Mandalas, Mantras, Manjis, Medicine Men (Shields-Circles), Monuments (Carved in Stone), Buffalo Horns and Yamantaka

Posted on Monday, November 12th, 2012

In recent reading on ancient religious symbols and deities in Buddhism I have been puzzled by the North American Bison horn configuration on the top of Yamantaka’s (Vajrabhairava) head. Horn configurations on the heads of different animals have a distinct pattern  which tie those horns back to a specific species. That is why I have been puzzled as to why the horns on the head of Tibetan Buddhism’s favorite deity Vajrabhairava (Yamantaka) are the horn set of an animal indigenous to our continent – The North American Bison.

It was while I was pondering that question, I came across an article on Native American headdress styles. The most commonly known headdress image is of the “Indian War Bonnet” worn by the tribal chief and consists of numerous eagle feathers. The less common image is the one usually associated with the tribal Medicine Man. This headdress consists of a buffalo skin base and several other items but its most prominent feature is the two buffalo (bison) horns positioned on top. These Medicine Men’s horns have a striking similarity to the horn configuration on Yamantaka’s head. How can this be? Why would the Tibetan Buddhist deity, Yamantaka have the horn set identical to the horn set worn by Native American spiritual leaders?

But the questions don’t stop there. Why is there such strong evidence of Vedic (Hindu/Buddhist) influences and symbols of Mandalas, Mantras, Manjis and Monuments here in North America? How did the Seven Step Vedic wedding ceremony get here from India?I believe that for this “foreign influence” theory to make sense one has to know this information

  1. Hinduism and then Buddhism originated in India from their Vedic cultural base.
  2. Ancient India once covered an area that now includes India, Pakistan and Afghanistan. (Afghanistan is where Buddhist missionary monk Hwui Shan originated)
  3. Unlike some religions ancient Buddhists were “evangelicals” and actively recruited non Buddhists to their religion.  Ancient missionary monks traveled far and wide to accomplish their mission at great personal risk,
  4. These missionary monks used what were then their “state of the art” technical skills to share wherever they went to win friends and converts. These skills included advanced rock carving, water diversion, water storage, medical information, astronomy, navigation etc.
  5. Customs and traditions from India such as the Seven Step Wedding tradition were brought here as well.
  6. Mandala (Sanskrit for circle) were also transferred here at that time. (Native American Mandala styles which include Medicine Wheels, Medicine Shields and the Tibetan form of sand painting are still being made here.)
  7. Mantras (prayer poems) from India are also now inexplicitly found in North America.
  8. The Manji (swastika) from India was brought here at that time. (The evidence of that is that “Manji” translated from Sanskrit to English is “Whirlwind”. Although the Navajo word for their Manji is “Whirling Logs” the Hopi word is translated “Whirlwind” just as it is in Sanskrit, the language of India.)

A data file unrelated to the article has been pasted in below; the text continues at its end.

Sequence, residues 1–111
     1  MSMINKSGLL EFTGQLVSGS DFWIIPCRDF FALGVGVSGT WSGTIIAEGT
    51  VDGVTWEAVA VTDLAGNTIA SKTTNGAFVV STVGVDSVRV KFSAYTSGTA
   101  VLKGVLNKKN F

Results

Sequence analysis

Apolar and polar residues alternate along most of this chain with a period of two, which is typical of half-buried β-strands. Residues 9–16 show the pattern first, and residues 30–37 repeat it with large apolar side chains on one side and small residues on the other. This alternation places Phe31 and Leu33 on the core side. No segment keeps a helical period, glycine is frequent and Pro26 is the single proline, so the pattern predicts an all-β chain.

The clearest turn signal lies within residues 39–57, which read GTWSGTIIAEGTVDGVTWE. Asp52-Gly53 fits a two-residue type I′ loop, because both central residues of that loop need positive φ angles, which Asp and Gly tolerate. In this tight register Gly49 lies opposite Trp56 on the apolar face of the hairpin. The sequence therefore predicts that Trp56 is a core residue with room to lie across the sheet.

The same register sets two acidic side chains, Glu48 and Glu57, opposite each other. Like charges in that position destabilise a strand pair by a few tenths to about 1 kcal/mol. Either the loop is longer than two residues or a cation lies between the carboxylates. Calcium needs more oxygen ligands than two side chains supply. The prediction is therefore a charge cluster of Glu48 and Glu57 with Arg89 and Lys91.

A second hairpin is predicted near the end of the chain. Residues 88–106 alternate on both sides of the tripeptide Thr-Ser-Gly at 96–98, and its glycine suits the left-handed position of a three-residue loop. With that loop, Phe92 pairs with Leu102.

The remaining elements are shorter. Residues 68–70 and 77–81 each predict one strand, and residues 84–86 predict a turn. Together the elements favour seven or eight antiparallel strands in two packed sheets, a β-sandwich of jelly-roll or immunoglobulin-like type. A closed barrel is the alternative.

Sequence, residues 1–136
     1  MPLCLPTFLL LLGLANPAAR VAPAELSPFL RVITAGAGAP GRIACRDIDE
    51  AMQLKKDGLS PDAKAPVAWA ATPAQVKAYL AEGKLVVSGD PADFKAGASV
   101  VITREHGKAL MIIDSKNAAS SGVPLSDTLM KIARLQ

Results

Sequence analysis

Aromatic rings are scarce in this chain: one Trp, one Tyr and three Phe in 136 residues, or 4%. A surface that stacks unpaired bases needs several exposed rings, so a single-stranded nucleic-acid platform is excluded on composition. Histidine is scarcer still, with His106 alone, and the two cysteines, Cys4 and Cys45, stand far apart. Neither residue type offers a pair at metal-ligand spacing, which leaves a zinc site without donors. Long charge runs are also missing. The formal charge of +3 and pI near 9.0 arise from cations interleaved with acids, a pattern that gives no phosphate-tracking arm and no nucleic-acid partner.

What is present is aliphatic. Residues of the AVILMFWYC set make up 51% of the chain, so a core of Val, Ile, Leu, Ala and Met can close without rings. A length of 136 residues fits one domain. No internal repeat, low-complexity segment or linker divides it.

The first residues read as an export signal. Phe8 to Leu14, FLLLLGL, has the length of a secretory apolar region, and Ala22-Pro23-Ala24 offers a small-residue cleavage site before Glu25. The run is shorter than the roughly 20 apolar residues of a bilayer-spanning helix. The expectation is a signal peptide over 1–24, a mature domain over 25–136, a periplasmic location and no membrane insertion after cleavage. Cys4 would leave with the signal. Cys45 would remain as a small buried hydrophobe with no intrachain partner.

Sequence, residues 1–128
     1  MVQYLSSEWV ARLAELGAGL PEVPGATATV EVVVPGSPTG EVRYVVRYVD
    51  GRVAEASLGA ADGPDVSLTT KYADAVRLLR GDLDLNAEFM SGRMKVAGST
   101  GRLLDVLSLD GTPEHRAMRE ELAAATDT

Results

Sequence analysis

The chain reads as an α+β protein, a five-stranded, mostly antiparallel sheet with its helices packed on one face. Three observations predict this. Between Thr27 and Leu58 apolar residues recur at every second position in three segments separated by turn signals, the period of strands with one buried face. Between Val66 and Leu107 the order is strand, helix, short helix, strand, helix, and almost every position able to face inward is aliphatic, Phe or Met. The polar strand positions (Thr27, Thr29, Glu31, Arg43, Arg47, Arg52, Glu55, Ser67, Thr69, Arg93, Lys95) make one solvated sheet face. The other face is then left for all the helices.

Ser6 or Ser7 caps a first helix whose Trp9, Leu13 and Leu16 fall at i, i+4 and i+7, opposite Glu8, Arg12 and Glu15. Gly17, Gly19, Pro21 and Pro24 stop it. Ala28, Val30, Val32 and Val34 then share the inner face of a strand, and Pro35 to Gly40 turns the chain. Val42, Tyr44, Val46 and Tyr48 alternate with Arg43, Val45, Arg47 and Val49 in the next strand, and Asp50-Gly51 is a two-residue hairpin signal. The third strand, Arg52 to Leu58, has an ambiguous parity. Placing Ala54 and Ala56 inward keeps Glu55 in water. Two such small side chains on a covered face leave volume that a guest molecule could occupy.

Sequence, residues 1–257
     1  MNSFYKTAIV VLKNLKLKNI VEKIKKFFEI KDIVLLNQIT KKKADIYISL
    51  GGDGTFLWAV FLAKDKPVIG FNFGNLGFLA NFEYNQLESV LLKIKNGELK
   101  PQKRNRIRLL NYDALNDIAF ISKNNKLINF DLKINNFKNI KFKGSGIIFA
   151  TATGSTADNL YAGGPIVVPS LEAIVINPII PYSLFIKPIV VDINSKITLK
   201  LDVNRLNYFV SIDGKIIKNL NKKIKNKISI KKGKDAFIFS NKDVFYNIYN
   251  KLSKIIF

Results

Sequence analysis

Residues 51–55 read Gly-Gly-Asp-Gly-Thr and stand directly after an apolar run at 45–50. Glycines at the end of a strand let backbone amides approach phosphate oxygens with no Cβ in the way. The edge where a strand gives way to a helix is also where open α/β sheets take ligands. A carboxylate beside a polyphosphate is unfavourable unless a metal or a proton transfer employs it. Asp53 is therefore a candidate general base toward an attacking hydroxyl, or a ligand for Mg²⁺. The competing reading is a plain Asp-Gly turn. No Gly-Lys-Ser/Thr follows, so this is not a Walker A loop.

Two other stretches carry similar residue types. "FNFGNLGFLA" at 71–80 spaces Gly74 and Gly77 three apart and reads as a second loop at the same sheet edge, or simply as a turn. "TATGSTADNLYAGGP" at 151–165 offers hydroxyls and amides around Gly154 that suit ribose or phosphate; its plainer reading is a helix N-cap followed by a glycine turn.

Medicine Shields and Medicine Wheels widely found in Native American culture are accepted to be Mandalas. (Mandalas “prayer circles “originated in India) Interestingly there is absolutely no evidence that the circle (or wheel) was used for any other purpose than religious purposes by the Native Americans. Why did they not use the wheel for utilitarian purposes which would be its most practical purpose and used by all other cultures all around the world? (My personal belief is that the use of the wheel and the horse were prohibited in ancient America but that’s another story).

Monuments carved into rock are an ancient Buddhist tradition. Evidence to support this fact is found at the Ellora Caves, the Giant Buddhas of Pakistan and the rock carved Chaitya Halls in India. Rock carved stupas and enormous brick made stupas are found all over India and Southeast Asia. There is also evidence of significant similar rock carving throughout the Four Corners area of the Pacific Southwest. Coincidentally this same region is home to the Navajo and Hopi tribes which appear to have had the most in common with the rock carving highly advanced ancient Anasazi culture that carved homes and other structures into rock along the 108 Meridian West as they migrated south into Mexico before they ultimately disappeared.

Those whose nationalistic interests do not include advanced foreign religions and cultures here in Pre-Columbian North America deny this evidence and refuse to consider the possible implications. However, the mere refusal to consider evidence does not make it disappear. Please review these details and then decide for yourself if there is currently enough evidence for you to believe that at some time in America’s Pre-Columbian past that Buddhism may have or probably played a significant role here before it disappeared possibly at the same time the Anasazi people vanished.

Stay tuned for my next article on how significant the number 108 is in Buddhism and why I am beginning to believe the Anasazis may have been Buddhists.

The Beak of the 10th Sun Raven – STILL GLOWS

Hendon Harris

Categorized as Articles, Photos

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